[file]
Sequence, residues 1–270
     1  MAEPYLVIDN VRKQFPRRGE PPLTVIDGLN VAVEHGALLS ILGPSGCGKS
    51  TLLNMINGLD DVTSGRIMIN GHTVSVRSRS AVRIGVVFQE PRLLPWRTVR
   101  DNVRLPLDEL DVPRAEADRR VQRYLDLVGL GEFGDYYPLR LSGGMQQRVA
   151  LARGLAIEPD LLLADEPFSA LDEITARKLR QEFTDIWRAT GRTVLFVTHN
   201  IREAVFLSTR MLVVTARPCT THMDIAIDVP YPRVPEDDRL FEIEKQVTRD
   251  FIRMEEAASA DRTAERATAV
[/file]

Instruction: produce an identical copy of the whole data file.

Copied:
Sequence, residues 1–270
     1  MAEPYLVIDN VRKQFPRRGE PPLTVIDGLN VAVEHGALLS ILGPSGCGKS
    51  TLLNMINGLD DVTSGRIMIN GHTVSVRSRS AVRIGVVFQE PRLLPWRTVR
   101  DNVRLPLDEL DVPRAEADRR VQRYLDLVGL GEFGDYYPLR LSGGMQQRVA
   151  LARGLAIEPD LLLADEPFSA LDEITARKLR QEFTDIWRAT GRTVLFVTHN
   201  IREAVFLSTR MLVVTARPCT THMDIAIDVP YPRVPEDDRL FEIEKQVTRD
   251  FIRMEEAASA DRTAERATAV